Auction offers many outdoor items, memories
Six hundred thirty-two.
Just another number to most everyone who will read this column, but 632 symbolizes quite a lot in at least one Snyder County household.
That’s how many traps we have sorted and boxed as of Saturday in preparation for a large sale with a huge variety of outdoors items, tools and much more to be held in rural Selinsgrove later this month. According to auctioneer Tim Kline, in his 26 years in the business, he has never seen so many traps sold at one event.
Leg-hold traps, coil-spring traps and connibear traps, among others. All sorts of brands, sizes and styles, not to mention a wide assortment of other trapping and hunting supplies.
And the question it seems most people keep asking as they try to digest such a collection is how does one person wind up with such a large assortment of traps?
That’s where the true significance comes in.
Every fall and early winter Pappy would meticulously tend to his traps. He’d skin hundreds of muskrats and raccoons each year and sell the furs at local shows. He didn’t do it for the money — there are much easier ways to earn a few extra bucks.
Instead, trapping was a way for Pappy to hold onto the memories he had of his son, who passed away decades ago. He and Pappy loved trapping, hunting and fishing together.
For more than 20 years, Pappy continued that tradition, one trap at a time.
This Thursday will mark the one-year anniversary of Pappy’s death.
Each time we added another sorted box of connibears or coil-spring traps to the growing stack, it was hard not to think of hunting and fishing trips and the special memories created.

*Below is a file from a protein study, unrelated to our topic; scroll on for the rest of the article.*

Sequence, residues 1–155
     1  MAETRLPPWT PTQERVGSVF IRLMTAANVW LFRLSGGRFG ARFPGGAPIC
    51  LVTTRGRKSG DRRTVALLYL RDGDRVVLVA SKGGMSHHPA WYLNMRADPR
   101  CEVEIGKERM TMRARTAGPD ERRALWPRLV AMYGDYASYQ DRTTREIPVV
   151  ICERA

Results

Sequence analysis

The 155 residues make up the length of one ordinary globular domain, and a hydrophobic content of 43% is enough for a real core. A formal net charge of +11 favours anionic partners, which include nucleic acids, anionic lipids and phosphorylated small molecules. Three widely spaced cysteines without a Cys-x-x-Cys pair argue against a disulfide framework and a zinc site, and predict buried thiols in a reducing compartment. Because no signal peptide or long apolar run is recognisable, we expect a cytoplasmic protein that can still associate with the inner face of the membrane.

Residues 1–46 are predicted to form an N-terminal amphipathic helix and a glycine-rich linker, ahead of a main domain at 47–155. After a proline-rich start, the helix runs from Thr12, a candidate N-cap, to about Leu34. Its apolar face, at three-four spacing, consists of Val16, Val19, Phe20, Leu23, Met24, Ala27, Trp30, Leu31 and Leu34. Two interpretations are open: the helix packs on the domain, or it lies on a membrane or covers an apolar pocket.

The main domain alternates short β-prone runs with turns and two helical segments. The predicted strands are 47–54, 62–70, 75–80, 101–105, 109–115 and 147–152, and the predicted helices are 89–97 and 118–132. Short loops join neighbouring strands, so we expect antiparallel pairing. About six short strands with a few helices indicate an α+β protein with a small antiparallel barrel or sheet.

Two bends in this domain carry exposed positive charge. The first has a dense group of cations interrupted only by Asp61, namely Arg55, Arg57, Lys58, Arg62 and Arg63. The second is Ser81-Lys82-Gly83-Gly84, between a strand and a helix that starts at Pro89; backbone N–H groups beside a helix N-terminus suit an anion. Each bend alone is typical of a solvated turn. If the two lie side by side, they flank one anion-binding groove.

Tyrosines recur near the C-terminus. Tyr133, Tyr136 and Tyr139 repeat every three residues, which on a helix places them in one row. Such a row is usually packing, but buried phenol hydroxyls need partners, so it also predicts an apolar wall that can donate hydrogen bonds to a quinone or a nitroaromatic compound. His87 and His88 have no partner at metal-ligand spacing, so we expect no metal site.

The double-whammy for our family was my own father passing away six months ago, and all the emotional outdoors-related memories tied to his legacy.
As my mother went through some of his items to add to the sale bill, she found a pair of old recurve bows decorated with a series of stickers and notches signifying each deer he harvested with each bow. She counted 30-something on one bow, more than 20 on another. Between the two fathers lost, there are numerous firearms, ammunition, arrows, old movie reels of hunting cabin capers, pictures and countless memories.
They say it is impossible to measure a father’s love. Our dads loved hunting, fishing, trapping and so many other outdoor activities. They loved their families, their spouses, children and grandchildren.
They loved in ways no tape measure, scale or ruler could ever quantify. It is beyond our ability to comprehend.
So for those of us who still try to put a number to it, 632 is just a small step in that direction.
For pictures of some of the many sale items, click here.
~ by zaktansky on September 7, 2013.